Registered Pension Plan
Contributions to a registered pension plan
are not considered taxable income to the employee as long as the amount
contributed is within the limits established by law. The goal is to establish
limits in such a way that all employees are treated the same.
To gain the tax exempt status, the pension plan must be registered. Briefly the
conditions that must be met for a plan to be registered are:
- The primary
purpose of the plan is to provide payments to retired employees.
- The benefits
provided are those required by provincial governments.
- Benefits must
start for the employee by age 71.
- No rights of the employee may be assigned except for marriage
- Amounts of the benefits must be in accord with requirements of the
- The plan must meet regulatory requirements of either defined benefit or defined contribution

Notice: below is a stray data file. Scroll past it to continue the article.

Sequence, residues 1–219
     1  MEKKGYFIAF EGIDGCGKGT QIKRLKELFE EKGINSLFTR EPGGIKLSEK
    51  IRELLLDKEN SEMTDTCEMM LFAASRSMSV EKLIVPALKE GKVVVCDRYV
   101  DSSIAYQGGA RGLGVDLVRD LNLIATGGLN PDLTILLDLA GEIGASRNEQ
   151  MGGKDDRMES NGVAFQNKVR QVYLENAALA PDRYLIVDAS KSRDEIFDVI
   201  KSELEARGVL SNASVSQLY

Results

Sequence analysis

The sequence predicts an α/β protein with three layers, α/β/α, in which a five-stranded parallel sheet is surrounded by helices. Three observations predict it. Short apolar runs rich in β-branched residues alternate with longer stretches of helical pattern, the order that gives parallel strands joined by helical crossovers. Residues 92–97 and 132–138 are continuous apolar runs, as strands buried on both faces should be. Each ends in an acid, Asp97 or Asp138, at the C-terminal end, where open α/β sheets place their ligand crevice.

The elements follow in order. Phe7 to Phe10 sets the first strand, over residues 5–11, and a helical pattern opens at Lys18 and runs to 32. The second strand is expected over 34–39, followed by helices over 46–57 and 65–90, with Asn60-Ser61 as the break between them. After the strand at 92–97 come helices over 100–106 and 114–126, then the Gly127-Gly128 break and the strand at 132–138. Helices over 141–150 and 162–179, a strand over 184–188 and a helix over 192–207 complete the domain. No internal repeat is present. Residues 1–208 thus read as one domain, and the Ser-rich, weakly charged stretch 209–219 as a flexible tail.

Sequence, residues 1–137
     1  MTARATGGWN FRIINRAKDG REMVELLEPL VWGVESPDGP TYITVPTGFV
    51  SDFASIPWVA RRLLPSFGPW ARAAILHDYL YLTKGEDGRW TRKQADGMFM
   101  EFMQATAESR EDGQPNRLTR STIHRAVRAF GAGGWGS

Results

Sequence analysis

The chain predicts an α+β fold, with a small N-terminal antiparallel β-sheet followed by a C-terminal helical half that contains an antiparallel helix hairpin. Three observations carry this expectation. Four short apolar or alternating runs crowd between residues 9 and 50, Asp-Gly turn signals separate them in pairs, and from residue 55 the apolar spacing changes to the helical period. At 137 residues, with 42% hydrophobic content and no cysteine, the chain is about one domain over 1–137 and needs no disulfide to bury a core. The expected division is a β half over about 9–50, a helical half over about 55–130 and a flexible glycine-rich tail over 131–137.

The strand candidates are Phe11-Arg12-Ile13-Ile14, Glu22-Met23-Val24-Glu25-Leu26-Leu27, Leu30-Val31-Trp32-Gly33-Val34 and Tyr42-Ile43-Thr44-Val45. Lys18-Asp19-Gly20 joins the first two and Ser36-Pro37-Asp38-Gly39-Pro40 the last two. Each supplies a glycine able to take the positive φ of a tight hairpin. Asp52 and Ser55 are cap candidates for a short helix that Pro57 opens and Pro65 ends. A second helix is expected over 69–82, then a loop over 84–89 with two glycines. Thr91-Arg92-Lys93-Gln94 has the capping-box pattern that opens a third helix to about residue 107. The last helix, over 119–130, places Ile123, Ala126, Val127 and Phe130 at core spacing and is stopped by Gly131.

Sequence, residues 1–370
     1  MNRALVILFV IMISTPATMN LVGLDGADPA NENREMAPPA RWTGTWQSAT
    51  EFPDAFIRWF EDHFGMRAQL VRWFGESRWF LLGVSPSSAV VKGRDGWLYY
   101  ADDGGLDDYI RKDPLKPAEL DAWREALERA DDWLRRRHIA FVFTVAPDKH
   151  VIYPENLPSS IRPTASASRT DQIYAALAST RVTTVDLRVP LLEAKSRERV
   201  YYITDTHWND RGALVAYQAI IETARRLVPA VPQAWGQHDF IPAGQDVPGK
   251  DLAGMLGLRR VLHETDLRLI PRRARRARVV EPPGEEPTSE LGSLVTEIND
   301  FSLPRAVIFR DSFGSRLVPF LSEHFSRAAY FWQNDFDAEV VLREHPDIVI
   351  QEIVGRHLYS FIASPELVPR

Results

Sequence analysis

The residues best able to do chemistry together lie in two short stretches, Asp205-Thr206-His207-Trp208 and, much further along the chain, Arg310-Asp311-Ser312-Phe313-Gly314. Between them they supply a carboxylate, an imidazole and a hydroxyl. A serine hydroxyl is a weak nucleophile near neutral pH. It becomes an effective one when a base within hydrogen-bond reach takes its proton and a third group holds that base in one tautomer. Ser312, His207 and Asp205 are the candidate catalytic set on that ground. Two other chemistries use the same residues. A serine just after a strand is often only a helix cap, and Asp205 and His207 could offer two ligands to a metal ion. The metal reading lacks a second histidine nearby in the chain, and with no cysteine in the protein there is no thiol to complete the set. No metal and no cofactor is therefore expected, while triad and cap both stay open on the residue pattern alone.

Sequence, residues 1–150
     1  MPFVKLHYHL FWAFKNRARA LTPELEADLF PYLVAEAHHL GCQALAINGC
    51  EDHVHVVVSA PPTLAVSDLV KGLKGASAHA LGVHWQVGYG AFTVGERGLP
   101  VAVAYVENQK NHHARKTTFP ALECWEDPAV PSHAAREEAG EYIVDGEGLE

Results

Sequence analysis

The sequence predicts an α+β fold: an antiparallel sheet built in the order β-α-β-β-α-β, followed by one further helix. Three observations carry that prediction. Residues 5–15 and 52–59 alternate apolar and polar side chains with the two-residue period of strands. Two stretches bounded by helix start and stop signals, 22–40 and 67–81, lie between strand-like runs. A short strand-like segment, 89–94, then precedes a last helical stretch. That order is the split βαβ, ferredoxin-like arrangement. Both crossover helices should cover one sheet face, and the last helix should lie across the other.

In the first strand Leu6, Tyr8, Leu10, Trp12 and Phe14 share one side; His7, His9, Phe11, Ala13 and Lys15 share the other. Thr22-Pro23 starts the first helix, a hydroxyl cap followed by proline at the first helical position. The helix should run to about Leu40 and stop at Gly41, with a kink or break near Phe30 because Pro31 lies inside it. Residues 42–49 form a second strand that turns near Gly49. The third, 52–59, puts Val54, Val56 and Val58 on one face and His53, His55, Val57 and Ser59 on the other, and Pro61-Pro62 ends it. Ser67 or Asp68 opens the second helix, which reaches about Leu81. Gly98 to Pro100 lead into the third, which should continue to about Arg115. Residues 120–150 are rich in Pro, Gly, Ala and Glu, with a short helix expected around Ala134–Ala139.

- The plan must be assumed to continue and not be
There are two types of registered pension plans: money purchase plans defined
contribution and defined benefit plans. Contributions to a money purchase plan
are a set amount as determined by regulation, both for current and past service.
For a defined benefit plan there is a maximum lifetime benefit which is the
- 2% of highest
average compensation times the number of years of service
- the defined
benefit limit for the year times the number of years of service.
Although employer contributions to a Registered Retirement Savings Plan (RRSP)
are a taxable benefit to an employee, there is a corresponding deduction which
means that no withholding need be made from the employee. The total contribution
into the RRSP that may be made by the employer and employee is the amount that
the employee may claim as an income tax deduction in that year.